The Romani genocide or the Romani Holocaust—also known as the Porajmos, the Pharrajimos (“Cutting up”, “Fragmentation”, “Destruction”), and the Samudaripen (“Mass killing”)—was the effort by Nazi Germany and its World War II allies to commit genocide against Europe’s Romani people.
Under Adolf Hitler, a supplementary decree to the Nuremberg Laws was issued on 26 November 1935, classifying Gypsies as “enemies of the race-based state”, thereby placing them in the same category as the Jews. Thus, in some ways the fate of the Roma in Europe paralleled that of the Jews in the Jewish Holocaust.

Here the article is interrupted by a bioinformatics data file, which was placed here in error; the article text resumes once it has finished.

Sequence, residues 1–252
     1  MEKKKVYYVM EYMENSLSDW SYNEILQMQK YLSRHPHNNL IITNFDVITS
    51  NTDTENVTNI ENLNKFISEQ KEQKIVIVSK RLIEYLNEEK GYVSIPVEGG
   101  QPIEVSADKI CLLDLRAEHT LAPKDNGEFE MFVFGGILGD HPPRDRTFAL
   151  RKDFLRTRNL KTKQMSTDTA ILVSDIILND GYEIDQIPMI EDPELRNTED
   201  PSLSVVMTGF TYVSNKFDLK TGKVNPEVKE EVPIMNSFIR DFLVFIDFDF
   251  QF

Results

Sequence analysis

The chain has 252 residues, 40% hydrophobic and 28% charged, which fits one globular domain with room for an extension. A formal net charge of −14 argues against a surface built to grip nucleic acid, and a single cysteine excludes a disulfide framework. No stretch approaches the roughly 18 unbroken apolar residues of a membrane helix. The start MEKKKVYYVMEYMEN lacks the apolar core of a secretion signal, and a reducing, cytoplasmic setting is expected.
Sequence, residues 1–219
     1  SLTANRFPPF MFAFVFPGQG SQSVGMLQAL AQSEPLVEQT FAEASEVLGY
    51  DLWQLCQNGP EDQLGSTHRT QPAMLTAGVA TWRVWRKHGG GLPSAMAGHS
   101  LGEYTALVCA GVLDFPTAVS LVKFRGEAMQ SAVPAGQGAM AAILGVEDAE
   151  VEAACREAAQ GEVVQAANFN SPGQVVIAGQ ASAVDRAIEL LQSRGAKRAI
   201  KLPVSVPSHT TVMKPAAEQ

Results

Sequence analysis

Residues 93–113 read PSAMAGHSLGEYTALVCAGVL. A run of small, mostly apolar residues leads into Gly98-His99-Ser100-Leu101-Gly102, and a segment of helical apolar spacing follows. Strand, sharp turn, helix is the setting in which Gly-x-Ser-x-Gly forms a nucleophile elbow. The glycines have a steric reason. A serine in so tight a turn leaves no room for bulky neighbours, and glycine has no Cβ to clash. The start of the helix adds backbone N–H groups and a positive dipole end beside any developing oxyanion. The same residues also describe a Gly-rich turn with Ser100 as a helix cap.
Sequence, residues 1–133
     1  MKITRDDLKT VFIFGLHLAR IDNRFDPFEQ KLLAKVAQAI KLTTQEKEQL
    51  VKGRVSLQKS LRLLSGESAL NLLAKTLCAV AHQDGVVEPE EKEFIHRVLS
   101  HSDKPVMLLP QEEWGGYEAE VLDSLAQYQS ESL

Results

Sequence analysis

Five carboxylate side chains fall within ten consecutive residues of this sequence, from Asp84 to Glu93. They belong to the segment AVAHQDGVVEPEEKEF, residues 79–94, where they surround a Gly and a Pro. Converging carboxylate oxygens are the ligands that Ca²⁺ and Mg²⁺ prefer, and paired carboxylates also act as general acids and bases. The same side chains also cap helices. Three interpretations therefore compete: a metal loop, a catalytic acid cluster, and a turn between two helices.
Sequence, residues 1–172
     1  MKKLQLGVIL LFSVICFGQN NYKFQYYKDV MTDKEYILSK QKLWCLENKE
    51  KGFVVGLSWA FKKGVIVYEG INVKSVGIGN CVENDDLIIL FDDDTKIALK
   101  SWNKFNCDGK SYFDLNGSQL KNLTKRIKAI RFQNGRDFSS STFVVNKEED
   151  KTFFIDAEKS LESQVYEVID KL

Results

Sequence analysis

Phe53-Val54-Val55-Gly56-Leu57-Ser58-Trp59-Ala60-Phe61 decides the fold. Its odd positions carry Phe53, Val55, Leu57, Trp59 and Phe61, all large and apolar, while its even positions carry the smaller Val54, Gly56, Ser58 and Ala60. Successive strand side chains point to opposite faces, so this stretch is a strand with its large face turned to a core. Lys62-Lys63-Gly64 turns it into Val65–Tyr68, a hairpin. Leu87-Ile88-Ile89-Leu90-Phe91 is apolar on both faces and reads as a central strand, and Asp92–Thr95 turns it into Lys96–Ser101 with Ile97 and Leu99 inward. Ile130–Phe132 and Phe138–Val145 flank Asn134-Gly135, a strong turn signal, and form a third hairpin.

Historians estimate that between 220,000 and 500,000 Romani were killed by the Germans and their collaborators—25% to over 50% of the estimate of slightly fewer than 1 million Roma in Europe at the time. Later research cited by Ian Hancock estimated the death toll to be at about 1.5 million out of an estimated 2 million Roma.
In 1982, West Germany formally recognized that Germany had committed genocide against the Romani.In 2011, Poland officially adopted 2 August as a day of commemoration of the Romani genocide.